Meanwhile, in the case of energy, within the EU-30 the total energy consumption is expected to rise by 50% till 2025, the amount of water needed in energy production is expected to rise by 130% over the same period (Larsen et al., 2009). As Larsen states ‘policies designed to grapple with the challenges of climate change have the potential to produce decisions that exacerbate water-energy challenges’ (p. 32). The EU could undertake a study similar to that undertaken in the US to map the water consumption of major water-supply options (eg, comparing the water footprint of thermoelectric, biofuels and ethanol, oil and gas and hydroelectric) (Harte, 2007). Equally, California has also estimated the water/energy nexus for the state of California (CEC, 2005).
Mal-adaptation is defined as decisions that are supposedly justified or legitimised on the basis of, eg, adaptation by increasing water supply in the short term yet creating mal-adaptation in the long-term (GPPN, 2009), such as conventional desalination (not using renewables) to generate ‘new water’ that is at present highly energy intensive. Therefore, if desalination is considered an adaptation measure it should be on the basis of, eg, solar sea-water desalination or taking the opportunity of using ‘blue energy’ –ie, obtaining clean energy by mixing water streams from different salt concentrations in the process– or, for example, measures like water transfers operating on specific rainfall patterns and surplus of water in the ceding basin; water transfers are also highly energy intensive (see Albiac et al., 2006, 2007, for estimates for the 2001 Spanish National Water Plan). This highlights, first, the close link between water/energy decisions and, secondly, the need to also consider demand management measures like managing supply and demand by, eg, reallocating water between sectors and transferring water rights rather than water itself, or giving greater consideration to virtual water flows in low-value crops whilst saving scarce water resources for high added-value sectors and/or for amenity and environmental value activities (Llamas, pers. comm.). The suitability and cost effectiveness of different mitigation and adaptation measures can be evaluated by providing transparent information on sources of finance and costs, and also the equivalence values measured in m3/kWh or kWh/m3.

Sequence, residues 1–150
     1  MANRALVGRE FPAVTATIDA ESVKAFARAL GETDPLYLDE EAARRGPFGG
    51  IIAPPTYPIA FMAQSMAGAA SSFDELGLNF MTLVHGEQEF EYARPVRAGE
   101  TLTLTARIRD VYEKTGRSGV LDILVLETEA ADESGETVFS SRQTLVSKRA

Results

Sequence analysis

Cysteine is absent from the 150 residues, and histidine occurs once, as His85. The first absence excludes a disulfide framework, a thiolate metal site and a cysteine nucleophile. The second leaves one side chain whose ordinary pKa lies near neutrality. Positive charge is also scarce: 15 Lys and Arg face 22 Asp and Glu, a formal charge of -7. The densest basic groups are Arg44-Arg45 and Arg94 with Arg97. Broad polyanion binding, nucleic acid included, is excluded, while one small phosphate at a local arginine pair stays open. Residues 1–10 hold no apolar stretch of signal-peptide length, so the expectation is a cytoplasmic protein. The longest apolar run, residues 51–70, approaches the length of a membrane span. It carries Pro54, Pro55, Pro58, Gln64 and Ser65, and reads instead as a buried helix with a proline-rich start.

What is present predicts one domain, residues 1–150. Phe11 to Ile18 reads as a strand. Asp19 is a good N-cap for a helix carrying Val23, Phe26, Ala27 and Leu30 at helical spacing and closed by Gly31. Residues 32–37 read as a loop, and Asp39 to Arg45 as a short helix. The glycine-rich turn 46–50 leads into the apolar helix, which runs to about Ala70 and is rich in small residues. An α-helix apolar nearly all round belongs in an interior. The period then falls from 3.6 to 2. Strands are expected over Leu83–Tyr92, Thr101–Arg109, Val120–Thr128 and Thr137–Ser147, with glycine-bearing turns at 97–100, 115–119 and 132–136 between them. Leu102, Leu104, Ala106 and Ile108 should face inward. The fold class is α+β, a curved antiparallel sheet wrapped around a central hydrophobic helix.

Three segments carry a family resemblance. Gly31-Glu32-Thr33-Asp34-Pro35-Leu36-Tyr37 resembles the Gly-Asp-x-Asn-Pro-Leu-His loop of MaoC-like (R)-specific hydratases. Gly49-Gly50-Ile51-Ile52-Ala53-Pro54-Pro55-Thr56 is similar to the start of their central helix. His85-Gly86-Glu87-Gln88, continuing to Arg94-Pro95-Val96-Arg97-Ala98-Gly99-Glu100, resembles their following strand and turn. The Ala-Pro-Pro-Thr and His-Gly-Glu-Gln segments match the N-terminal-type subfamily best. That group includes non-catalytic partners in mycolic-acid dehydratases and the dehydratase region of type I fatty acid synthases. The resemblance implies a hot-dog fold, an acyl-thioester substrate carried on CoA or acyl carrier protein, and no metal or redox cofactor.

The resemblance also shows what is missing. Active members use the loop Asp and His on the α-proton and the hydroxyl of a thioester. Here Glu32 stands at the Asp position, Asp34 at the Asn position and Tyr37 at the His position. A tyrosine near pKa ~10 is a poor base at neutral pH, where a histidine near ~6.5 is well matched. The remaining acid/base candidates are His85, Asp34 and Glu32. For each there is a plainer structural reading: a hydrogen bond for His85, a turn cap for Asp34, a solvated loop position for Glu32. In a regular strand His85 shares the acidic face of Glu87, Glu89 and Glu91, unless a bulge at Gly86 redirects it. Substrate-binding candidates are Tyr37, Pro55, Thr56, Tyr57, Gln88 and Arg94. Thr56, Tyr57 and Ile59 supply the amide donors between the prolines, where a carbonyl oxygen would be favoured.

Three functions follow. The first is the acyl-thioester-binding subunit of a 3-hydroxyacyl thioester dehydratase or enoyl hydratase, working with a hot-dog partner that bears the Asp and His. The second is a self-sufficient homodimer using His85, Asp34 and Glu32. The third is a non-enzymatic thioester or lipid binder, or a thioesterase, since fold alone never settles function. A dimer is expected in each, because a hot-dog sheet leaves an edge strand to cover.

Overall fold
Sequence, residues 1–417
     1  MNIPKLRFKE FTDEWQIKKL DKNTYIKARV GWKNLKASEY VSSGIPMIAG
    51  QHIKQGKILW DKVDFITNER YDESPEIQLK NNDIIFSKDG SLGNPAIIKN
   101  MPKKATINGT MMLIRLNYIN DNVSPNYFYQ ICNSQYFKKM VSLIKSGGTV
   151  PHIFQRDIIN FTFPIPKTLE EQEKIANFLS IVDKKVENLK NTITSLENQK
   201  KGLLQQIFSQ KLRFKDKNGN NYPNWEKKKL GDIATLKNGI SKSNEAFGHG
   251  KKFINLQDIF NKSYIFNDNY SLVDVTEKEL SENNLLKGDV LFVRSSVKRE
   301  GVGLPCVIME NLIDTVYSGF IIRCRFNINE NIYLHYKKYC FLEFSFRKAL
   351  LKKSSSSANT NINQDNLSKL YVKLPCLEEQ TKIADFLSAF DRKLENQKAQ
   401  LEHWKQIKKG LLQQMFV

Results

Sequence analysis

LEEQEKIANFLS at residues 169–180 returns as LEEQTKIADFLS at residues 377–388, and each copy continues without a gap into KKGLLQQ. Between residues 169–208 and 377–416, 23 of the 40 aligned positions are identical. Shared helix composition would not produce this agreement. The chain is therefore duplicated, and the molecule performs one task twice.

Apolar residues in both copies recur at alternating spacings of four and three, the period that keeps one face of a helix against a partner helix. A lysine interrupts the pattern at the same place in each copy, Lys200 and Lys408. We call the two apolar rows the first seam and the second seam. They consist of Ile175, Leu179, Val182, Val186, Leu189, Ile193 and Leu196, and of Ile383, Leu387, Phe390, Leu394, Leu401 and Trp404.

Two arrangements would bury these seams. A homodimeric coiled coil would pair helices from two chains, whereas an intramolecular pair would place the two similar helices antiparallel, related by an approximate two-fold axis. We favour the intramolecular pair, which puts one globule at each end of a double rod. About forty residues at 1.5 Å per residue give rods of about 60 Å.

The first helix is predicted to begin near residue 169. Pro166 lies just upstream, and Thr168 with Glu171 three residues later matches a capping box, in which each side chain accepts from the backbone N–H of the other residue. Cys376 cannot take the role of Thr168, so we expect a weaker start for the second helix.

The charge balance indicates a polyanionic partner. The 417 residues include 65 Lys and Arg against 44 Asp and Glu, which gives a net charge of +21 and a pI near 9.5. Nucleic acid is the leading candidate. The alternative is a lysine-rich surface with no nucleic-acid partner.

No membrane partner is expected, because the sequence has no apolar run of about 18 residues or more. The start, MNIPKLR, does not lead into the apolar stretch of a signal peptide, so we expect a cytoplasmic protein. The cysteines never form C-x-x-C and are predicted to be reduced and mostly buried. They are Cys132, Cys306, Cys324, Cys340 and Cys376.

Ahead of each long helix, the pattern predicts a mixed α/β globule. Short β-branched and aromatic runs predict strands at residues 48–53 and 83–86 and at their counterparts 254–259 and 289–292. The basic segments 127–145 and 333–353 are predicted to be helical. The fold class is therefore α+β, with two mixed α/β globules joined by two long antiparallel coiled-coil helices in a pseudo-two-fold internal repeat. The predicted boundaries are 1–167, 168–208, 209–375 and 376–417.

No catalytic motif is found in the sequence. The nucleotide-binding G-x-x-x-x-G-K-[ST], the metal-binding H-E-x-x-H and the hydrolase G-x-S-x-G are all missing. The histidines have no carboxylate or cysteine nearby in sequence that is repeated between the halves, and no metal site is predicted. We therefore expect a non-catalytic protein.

Table 9. Energy production and consumption indicators for different water uses
|Production||Electricity||Hydroelectricity (jump of 100m)||0.21|
|Combined central cooling cycle (closed circuit)||345|
|Central cooling-thermosolar (closed circuit)||245|
|Thermal central cooling (open circuit)||17,5|
|Consumption||Pumping (100 m)||0,42|
|Public water supply and treatment||Water treatment (primary)||0,18|
|Water treatment (secondary)||0,3-0,5|
|Tertiary water treatment||0,15-0,25|
|Transport||Ebro Project Water transfer (average height 723m)||3,7|
|Desalination||Desalination sea water||3.5-4,0|
|Desalination brackish water||1,4-1,8|
Source: Corominas (2009).